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For further information, see CMDT Part 33-01: Streptococcal Infections

Key Features

Essentials of Diagnosis

  • A rapidly spreading infection involving the fascia of deep muscle

  • Areas that are often affected

    • An extremity

    • Head and neck

    • Perinanal area or genital area ("Fournier gangrene")

  • Skin or blunt trauma injury may precede the infection

  • Patients who are more susceptible are

    • Immunosuppressed

    • Diabetic

    • At extremes of age (elderly or neonates)

    • Affected by liver disease

General Considerations

  • Distinguishing necrotizing fasciitis from necrotizing myositis may be difficult as skeletal muscle and fascia are involved in both syndromes

  • Necrotizing fasciitis

    • Most often monomicrobial

    • Usual causative agent is Streptococcus pyogenes (Group A beta-hemolytic streptococci)

    • Can also be caused by other streptococcal species, and occasionally by Staphylococcus aureus

    • Infections can be polymicrobial (mixed aerobic and anaerobic bacteria)

    • A history of exposure to brackish water or marine life should raise suspicion for Vibrio vulnificans or Aeromonas species

    • Patients with burn injuries are susceptible to Pseudomonas species

  • Necrotizing myositis

    • Often caused by Clostridia species (clostridial myonecrosis or "gas gangrene")

Clinical Findings

  • Presentation is similar to severe cellulitis

  • Rapid progression

  • Systemic toxicity

  • Severe pain

  • Pain often subsides as nerves are destroyed

  • Multiorgan failure is common as infection progresses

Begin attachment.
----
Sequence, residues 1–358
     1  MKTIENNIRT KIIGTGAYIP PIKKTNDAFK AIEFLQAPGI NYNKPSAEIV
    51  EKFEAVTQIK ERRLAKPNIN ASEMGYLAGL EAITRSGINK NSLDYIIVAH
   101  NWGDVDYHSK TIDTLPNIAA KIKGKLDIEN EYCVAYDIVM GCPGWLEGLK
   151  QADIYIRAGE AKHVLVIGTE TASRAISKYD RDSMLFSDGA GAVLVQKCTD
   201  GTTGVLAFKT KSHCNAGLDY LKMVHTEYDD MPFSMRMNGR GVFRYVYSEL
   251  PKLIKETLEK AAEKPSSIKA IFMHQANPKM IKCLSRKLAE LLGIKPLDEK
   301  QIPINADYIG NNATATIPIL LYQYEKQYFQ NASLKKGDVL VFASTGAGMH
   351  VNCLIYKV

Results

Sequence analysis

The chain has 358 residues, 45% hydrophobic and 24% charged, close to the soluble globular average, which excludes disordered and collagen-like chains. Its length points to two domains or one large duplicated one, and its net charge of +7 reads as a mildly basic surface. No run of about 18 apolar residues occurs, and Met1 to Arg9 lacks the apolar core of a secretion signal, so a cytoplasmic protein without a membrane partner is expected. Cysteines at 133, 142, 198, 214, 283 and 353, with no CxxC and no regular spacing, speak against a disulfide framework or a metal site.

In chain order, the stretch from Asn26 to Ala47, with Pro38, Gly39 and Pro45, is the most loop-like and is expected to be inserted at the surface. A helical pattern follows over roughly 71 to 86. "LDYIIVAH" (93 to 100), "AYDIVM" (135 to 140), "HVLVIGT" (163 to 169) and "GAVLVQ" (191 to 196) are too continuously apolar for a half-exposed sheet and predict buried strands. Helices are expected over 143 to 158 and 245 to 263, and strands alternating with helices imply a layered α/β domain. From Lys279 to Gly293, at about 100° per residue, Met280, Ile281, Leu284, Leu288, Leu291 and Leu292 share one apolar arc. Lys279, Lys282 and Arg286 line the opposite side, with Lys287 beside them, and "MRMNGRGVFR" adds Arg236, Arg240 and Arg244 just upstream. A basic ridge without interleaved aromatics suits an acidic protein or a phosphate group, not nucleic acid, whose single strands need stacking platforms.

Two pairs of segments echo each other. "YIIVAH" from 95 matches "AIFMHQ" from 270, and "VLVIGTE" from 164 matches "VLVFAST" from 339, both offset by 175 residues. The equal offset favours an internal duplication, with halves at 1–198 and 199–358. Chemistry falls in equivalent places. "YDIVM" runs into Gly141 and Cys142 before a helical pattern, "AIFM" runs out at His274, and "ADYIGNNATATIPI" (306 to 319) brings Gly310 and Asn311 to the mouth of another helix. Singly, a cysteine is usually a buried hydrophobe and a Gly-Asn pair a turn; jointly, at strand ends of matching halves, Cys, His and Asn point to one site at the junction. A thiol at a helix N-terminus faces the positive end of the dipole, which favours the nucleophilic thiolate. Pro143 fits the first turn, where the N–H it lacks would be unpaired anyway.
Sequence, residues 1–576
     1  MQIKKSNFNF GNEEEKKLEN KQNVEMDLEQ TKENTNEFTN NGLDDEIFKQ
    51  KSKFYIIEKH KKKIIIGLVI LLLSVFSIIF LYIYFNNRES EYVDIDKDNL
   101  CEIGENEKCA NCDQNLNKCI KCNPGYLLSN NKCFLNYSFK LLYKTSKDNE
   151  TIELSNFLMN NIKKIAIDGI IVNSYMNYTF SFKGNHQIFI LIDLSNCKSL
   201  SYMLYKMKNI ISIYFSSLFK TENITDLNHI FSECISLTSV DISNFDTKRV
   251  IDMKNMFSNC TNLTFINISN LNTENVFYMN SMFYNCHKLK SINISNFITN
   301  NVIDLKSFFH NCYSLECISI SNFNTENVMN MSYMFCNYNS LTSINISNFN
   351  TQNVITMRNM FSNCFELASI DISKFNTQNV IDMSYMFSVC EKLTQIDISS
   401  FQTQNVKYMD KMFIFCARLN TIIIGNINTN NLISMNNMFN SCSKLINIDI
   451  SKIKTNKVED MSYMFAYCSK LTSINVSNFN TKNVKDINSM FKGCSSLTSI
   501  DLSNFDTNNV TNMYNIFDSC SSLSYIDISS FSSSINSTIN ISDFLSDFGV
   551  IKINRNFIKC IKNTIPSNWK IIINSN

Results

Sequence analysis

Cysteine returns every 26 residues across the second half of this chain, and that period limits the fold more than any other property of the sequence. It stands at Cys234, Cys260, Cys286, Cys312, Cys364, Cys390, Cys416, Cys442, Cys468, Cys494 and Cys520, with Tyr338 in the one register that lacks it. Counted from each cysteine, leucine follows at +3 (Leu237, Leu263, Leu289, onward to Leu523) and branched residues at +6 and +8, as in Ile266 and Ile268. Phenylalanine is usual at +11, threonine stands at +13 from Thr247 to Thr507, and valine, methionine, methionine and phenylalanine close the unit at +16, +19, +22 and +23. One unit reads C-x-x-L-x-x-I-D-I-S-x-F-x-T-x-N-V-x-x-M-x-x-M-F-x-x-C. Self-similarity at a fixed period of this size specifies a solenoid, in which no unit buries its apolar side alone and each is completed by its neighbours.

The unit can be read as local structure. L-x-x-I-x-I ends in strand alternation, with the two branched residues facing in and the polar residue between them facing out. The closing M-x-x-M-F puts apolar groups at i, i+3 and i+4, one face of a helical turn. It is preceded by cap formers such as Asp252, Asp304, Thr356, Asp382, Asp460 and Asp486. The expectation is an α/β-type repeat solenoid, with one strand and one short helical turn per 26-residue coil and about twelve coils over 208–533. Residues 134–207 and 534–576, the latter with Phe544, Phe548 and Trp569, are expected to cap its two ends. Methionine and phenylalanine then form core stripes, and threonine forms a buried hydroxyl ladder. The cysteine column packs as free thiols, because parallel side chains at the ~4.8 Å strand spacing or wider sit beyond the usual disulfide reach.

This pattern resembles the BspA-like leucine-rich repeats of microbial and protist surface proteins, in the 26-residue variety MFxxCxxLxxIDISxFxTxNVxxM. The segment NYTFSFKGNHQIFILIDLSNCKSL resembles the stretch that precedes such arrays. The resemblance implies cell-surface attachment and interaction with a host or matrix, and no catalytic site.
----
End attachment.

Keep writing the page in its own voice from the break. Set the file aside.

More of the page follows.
Diagnosis

Laboratory Findings

  • Elevated white blood cell count, erythrocyte sedimentation rate and C-reactive protein

  • Elevated creatine kinase may indicate muscle involvement

  • Blood, wound, and tissue cultures should be obtained

  • Histologic specimens may demonstrate

    • Extensive tissue destruction

    • Thrombosis of blood vessels

    • Bacteria spreading along fascial planes

Imaging

  • CT or MRI of the affected area may show gas in tissues or fascial plane infection

  • Imaging may also appear normal, so rely on clinical suspicion and surgical evaluation

Treatment

Medication

  • Antibiotic therapy should then be tailored to culture results

  • Broad-spectrum antibiotic therapy

    • Should be initiated whenever the diagnosis is suspected

    • Should cover aerobic and anaerobic organisms

    • Initial therapy typically consists of

      • Carbapenem (meropenem or imipenem) or piperacillin-tazobactam plus an agent with activity against methicillin-resistant S aureus (vancomycin, linezolid or daptomycin) plus clindamycin for its antitoxin and other effects against toxin-producing strains of streptococci and staphylococci

  • Patients with exposure histories that suggest less common etiologies should have additional therapy targeted to those organisms

  • Intravenous immunoglobulin for streptococcal necrotizing soft tissue infections

    • Dose: 1 g/kg on day 1, followed by 0.5 g/kg on days 2 and 3

    • Has been shown to reduce mortality when added to surgical and antibiotic therapy

Surgery

  • Early and extensive debridement is essential for survival

  • Surgical evaluation should not be delayed while awaiting imaging or other diagnostic tests, especially in the setting of rapid progression of clinical manifestations

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